I use these at work because I don't like the weak office coffee. (And because a lot of the aromatics leave coffee within 60 seconds of grinding -- but that's the subject for another thread!) My co-workers call my coffee "Mud".
I ruined lots of them at first due to fine grinding. Fine (or even "drip" ground) coffee clogs the filter and makes a kind of a muddy slurry in the filter. You can try to harass it and stir it and watch it go through the filter two drops at a time, but eventually the glue on the filter will fail and you get a big mess.
The answer for me has been to grind coarse. Not quite "french press" coarse, but getting there. This creates a nice clean cup which can easily run through the filter paper.
Next, pour the water in two stages. Fill the filter once, then let it drain out. (Stir the slurry a bit to make sure everything gets wet.) Once the filter has "drained", you can do the full pour.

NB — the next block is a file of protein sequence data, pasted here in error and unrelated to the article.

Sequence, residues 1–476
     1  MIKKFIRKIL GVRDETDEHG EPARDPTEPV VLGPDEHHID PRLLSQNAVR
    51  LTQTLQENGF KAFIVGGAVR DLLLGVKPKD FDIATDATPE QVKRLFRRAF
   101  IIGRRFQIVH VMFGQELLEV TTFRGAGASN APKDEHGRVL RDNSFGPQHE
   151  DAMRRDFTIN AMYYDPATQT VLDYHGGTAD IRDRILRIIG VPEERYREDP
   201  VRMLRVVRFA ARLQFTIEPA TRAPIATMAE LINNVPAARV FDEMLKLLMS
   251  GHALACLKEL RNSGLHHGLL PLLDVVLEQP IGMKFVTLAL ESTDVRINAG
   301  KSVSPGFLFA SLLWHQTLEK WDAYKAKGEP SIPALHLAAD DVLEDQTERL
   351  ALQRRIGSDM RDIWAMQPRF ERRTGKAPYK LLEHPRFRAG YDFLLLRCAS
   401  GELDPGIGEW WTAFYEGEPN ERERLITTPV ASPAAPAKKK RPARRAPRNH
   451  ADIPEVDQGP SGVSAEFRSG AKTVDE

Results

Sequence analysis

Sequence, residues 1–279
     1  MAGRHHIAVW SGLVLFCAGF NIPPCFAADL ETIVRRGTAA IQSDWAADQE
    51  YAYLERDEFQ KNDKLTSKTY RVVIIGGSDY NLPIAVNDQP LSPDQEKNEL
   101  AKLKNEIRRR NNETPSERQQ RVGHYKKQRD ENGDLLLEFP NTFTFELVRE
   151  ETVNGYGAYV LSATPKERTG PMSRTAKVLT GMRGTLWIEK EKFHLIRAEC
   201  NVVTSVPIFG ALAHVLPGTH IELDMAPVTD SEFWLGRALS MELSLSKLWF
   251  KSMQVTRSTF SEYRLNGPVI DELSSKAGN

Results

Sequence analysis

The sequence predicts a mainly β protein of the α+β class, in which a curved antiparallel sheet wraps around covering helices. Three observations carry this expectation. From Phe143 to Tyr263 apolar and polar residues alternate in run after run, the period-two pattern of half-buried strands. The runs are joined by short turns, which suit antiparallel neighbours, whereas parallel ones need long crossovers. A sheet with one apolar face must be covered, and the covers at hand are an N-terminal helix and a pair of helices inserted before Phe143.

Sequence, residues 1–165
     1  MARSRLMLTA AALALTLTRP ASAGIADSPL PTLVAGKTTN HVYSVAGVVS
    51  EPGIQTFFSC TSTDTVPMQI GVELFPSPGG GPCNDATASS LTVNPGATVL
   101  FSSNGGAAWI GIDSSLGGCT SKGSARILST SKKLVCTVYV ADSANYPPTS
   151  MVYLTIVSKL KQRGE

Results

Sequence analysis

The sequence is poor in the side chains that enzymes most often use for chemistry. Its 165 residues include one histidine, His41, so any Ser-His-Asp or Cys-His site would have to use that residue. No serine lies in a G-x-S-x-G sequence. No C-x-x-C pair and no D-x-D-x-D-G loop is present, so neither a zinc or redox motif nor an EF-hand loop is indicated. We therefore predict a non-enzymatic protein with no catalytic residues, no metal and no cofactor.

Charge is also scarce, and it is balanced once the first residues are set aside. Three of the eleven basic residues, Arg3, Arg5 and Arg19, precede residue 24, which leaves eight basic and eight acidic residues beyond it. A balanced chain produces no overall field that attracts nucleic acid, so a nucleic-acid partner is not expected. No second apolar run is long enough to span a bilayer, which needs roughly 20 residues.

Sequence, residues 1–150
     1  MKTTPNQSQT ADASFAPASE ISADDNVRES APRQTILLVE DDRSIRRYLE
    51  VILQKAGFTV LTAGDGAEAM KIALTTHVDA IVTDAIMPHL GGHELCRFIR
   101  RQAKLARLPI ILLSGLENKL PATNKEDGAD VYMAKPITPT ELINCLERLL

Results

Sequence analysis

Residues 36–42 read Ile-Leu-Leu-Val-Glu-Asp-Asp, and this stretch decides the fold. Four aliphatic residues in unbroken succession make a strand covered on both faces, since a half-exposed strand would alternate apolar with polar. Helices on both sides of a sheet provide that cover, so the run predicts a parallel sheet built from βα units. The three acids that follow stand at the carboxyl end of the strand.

Also, use a burr grinder rather than a blade grinder. Commercial grinders are all burr grinders. Blade grinders give uneven particle sizes, meaning that you get a bunch of boulders giving you weak acidic coffee and a bunch of powder clogging up your filter. A blade grinder also heats the beans; actually re-roasting them and destroying all the hard work the professional roaster put into them to make them perfect. Blade grinders should be outlawed!
...I am from a coffee city; kind of like the Seattle of Canada...